New medical emergency number 112 is so easy even a toddler can use it
Health minister Zweli Mkhize on Thursday announced the implementation of a new three-digit number which will replace the emergency number 10177.
Mkhize was speaking at the official launch of the national Emergency Medical Services (EMS) day, which will now be held every year on October 17 to celebrate and honour the medical staff who “continue to go above and beyond the call of duty to save lives”.
During his speech at the EMS base in Durban, Mkhize said the number “112” will officially replace the current EMS number 10177.
“In October 2014, the National Health Council resolved to implement a three-digit emergency access number as provided in the NHI White Paper and World Health Assembly resolution which clearly states the necessity for a three-digit emergency number 112.”
Mkhize said the 112 number would act as a filter for emergency organisations, screening calls and routing only emergency-related calls to specific organisations such as the police, EMS or fire brigade.
He said the 10177 number currently being used by EMS would be phased out and emphasised that the 112 number would be much easier to teach to children.
“The three-digit 112 is a number that will be easy to teach, even to children at kindergarten, Children are quite techno-savvy these days, at two or three they manage phones.”
He appealed to the public to give as much information as possible when calling the new emergency number, including:
- Your telephone number
- Address of patients
- Brief description of what is wrong with the patient.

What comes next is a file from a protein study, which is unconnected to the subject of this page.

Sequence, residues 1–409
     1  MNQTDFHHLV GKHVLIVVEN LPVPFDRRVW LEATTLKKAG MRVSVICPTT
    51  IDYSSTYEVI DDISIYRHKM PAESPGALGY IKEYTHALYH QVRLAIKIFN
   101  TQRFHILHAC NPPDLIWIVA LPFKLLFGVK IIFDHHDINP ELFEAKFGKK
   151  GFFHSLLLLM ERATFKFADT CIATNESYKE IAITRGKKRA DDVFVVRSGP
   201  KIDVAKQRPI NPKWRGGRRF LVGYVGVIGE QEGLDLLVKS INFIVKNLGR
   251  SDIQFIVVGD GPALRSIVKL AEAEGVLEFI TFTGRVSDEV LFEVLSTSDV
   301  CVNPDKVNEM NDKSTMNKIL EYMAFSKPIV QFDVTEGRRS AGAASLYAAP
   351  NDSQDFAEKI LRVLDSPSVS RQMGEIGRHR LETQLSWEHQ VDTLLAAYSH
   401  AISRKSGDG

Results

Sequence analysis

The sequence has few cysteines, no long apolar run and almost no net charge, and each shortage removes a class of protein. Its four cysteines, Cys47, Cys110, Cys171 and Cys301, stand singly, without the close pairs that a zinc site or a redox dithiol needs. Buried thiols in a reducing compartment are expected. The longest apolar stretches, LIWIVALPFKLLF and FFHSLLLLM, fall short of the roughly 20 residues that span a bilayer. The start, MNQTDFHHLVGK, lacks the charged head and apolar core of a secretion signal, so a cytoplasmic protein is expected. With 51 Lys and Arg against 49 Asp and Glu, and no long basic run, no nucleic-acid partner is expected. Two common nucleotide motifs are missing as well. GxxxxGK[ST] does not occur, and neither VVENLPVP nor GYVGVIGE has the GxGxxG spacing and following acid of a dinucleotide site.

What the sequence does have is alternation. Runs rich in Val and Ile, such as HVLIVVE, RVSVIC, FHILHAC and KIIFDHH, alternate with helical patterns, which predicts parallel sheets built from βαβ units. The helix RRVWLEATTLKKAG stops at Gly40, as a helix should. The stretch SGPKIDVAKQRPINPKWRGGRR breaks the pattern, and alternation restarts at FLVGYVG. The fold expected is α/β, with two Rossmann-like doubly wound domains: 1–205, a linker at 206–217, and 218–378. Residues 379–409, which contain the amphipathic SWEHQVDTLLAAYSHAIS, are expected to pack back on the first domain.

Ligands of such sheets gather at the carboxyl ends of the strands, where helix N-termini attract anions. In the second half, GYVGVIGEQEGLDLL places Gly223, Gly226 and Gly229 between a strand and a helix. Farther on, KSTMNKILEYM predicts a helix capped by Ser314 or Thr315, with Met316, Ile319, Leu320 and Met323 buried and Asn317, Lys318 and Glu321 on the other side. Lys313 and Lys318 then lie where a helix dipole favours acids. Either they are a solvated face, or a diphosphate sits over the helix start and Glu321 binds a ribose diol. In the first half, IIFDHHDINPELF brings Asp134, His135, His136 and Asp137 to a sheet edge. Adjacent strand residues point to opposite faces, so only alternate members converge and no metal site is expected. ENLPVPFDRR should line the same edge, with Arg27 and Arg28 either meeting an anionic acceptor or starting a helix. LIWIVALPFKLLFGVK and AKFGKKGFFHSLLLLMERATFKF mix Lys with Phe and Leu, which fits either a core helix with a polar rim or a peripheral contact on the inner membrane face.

Mkhize also weighed in on the recent attacks on medical staff and paramedics who have been victims of crimes while performing their duties.
“I want to say that we have been very deeply disturbed to witness EMS personnel being attacked by the very same community members whom they are serving.”
He said anyone who attacked emergency workers declared war on the lives of South Africans.
“I am here today to tell the community that you cannot afford to jeopardise the lives of these critically needed, skilled treasures. Therefore we will not tolerate this.”
He said when the government is no longer able to dispatch ambulances because of fear for EMS workers' lives, "then it means the entire service is crumbling".
“It cannot be our own community that must look on when people call ambulances, hijack, abuse, rape, attack, and kill emergency medical service workers, and expect that it's going to be easy for the next one to respond to a similar call to the same area.”
He said while his department was working closely with the minister of police to bring such offenders to book, the onus of reducing such “heinous” crimes lay with leaders within communities.
“We call upon the communities to denounce these attacks and say that enough is enough.”
Mkhize provided insight into the newly establish Health Sector Anti-Corruption Forum, which will deal with fraudulent activities within the industry.
The forum would include members of the SAPS, the SIU, NPA and the Hawks, and look at rooting out corruption.
“We want to start by stamping out corruption, so by the time we launch NHI, we no longer have fear and distrust among communities,” he said.